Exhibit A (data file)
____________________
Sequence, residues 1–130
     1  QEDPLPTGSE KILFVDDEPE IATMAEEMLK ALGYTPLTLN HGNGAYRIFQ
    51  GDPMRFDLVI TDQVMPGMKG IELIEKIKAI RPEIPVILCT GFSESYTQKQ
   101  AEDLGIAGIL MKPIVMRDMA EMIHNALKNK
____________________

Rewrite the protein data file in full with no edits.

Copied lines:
Sequence, residues 1–130
     1  QEDPLPTGSE KILFVDDEPE IATMAEEMLK ALGYTPLTLN HGNGAYRIFQ
    51  GDPMRFDLVI TDQVMPGMKG IELIEKIKAI RPEIPVILCT GFSESYTQKQ
   101  AEDLGIAGIL MKPIVMRDMA EMIHNALKNK